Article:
Following a review by other Schengen states, the Greek government is improving surveillance and control of its external borders, funded by EU funds. This could encourage pushbacks in violation of international law.
European Union member states are likely to oblige Greece to further upgrade its external borders. A draft decision by the EU Commission, published by the civil rights organisation Statewatch, states that surveillance at land and sea borders will be stepped up. Greek authorities would also have to improve controls at border crossings.
The demands are based on an evaluation of the application of the so-called Schengen acquis in Greece from the summer of 2021. Such reviews take place regularly in each member state and are intended to determine whether a government is complying with Schengen rules. The evaluation teams consist of volunteers from other EU countries. The “deficiencies” found are documented in a report.
New situation centres and dog squads
The required measures concern, among other things, land border crossing points and ports, which are to be equipped with fingerprint readers and other control technology across the board. So far, this is not the case everywhere. The crew of cruise ships should also be checked more closely. For this purpose, the port authorities would have to train “canine teams specialised in persons’ detection”.
Part of the demands of the implementing decision refers to maritime surveillance “including land-based technical surveillance means in areas that are in close proximity to the neighbouring country”. The wording is aimed at the Aegean Sea. There, the Greek border authorities are to increase the number of their situation centres and equip them with new technology. The EU border agency Frontex is also present in the maritime region with the “Poseidon” mission.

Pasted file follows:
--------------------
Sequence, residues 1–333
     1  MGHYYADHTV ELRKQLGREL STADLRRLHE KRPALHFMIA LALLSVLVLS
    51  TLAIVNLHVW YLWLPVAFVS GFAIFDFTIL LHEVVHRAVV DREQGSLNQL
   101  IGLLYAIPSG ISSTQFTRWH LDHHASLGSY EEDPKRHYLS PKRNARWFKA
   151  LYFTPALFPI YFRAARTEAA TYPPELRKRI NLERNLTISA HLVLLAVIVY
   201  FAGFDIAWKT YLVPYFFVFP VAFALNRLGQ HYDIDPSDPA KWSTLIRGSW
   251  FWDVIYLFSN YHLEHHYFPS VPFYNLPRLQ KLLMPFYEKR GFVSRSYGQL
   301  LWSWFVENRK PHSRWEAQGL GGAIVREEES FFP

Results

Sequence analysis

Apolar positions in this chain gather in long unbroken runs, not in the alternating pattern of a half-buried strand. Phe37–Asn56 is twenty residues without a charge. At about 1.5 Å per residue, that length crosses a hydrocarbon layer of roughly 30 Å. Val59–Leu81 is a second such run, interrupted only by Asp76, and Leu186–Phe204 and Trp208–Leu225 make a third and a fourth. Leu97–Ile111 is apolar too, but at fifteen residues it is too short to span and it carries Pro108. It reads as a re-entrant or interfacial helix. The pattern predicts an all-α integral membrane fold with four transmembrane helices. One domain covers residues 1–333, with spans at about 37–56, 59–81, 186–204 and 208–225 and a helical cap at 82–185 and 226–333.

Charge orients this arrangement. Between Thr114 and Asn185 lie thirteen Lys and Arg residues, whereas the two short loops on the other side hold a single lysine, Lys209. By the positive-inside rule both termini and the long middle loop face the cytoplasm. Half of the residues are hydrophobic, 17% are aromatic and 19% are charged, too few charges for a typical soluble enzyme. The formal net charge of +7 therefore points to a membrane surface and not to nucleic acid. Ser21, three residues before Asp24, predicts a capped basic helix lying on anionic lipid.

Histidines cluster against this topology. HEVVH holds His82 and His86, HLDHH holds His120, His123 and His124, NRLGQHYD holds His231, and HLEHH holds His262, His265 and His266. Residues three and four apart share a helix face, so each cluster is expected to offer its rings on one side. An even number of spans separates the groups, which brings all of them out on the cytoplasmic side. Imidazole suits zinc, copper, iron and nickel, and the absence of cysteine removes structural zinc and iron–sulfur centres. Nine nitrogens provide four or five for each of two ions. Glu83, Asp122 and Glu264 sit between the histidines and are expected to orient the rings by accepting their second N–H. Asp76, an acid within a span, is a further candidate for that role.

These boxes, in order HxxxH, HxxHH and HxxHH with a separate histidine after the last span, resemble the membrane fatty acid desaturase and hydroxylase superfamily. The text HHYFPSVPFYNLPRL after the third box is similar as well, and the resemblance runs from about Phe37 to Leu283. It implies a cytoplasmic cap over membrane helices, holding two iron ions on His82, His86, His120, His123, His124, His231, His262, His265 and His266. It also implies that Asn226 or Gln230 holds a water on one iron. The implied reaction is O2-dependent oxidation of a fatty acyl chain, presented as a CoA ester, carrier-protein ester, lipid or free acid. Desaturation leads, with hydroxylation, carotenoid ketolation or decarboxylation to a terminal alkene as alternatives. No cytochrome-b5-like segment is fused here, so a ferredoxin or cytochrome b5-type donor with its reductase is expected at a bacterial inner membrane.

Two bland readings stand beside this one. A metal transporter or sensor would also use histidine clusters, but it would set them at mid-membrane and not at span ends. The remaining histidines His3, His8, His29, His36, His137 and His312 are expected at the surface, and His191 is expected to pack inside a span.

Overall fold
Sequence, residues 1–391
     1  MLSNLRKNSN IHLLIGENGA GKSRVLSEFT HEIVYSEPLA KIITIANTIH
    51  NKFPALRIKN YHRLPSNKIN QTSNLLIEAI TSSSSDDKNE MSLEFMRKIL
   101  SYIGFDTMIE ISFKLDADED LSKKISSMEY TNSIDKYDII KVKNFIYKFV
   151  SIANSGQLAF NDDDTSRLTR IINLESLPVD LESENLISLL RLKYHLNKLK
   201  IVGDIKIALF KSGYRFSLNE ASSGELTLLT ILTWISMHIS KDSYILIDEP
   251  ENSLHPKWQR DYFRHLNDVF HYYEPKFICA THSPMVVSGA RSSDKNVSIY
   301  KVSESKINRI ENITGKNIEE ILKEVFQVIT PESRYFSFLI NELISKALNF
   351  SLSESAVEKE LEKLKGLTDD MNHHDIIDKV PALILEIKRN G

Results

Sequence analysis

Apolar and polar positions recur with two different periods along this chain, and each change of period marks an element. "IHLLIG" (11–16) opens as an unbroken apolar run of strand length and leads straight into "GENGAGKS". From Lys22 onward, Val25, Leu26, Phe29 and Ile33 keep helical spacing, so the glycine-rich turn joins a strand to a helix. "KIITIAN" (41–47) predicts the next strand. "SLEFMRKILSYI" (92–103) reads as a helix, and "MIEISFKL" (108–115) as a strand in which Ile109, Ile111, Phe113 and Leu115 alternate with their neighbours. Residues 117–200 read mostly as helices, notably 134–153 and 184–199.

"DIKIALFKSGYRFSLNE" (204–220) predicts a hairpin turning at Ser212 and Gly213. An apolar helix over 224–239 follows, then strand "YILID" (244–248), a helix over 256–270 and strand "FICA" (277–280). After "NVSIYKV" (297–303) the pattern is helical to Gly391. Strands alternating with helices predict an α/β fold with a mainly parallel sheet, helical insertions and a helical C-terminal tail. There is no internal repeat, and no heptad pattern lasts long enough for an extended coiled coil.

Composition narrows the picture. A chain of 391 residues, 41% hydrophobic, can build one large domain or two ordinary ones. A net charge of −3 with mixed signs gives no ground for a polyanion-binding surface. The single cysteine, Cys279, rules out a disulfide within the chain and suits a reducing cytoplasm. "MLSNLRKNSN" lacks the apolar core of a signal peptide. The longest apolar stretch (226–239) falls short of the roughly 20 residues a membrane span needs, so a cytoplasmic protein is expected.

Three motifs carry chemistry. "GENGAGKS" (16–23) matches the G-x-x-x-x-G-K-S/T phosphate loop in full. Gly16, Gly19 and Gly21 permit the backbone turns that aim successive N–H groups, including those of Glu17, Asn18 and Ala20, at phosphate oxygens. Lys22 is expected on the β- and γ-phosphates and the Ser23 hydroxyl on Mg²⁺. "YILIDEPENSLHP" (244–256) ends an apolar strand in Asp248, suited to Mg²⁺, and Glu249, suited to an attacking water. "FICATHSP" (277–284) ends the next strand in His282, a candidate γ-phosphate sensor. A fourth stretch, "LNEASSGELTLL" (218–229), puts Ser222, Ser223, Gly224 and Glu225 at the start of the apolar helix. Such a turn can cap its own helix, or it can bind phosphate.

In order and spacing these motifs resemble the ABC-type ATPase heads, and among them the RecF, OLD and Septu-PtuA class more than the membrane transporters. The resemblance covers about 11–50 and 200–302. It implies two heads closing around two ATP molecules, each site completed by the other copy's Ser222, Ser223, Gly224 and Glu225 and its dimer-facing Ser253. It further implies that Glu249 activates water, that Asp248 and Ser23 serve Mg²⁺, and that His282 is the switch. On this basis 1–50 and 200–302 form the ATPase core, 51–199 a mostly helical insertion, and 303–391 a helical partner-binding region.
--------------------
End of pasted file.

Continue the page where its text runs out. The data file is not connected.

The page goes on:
Immediate reports to Frontex
Reinforcements are also demanded for the Greek-Turkish land border on the Evros River. There, the government should “increase the level of technical surveillance with mobile and portable assets”. Thermal imaging vehicles and cameras, helicopters and drones are mentioned. Frontex already uses “tethered airships” on the Evros; these aerostats can stay in the air for up to 40 days and observe wide areas.
Via the EUROSUR system, all incidents at the Greek external EU borders have to be reported to Frontex in Warsaw, but according to the Commission paper, this has been suspended since the beginning of December. The Commission sees further deficits at the borders with Northern Macedonia and Albania. There, Greece should introduce a border surveillance system that covers “at least the most vulnerable sections of the border”. In addition, the border troops should significantly increase the number of their patrols and equip their vehicles with digital radio and a GPS tracking system.
Military drones for border surveillance
Greece has long since implemented some of the foreseen Council’s demands, for example, border patrols are said to have been tightened. By last summer, the government had extended an existing 12.5-kilometre fence on the land border with Turkey to 40 kilometres.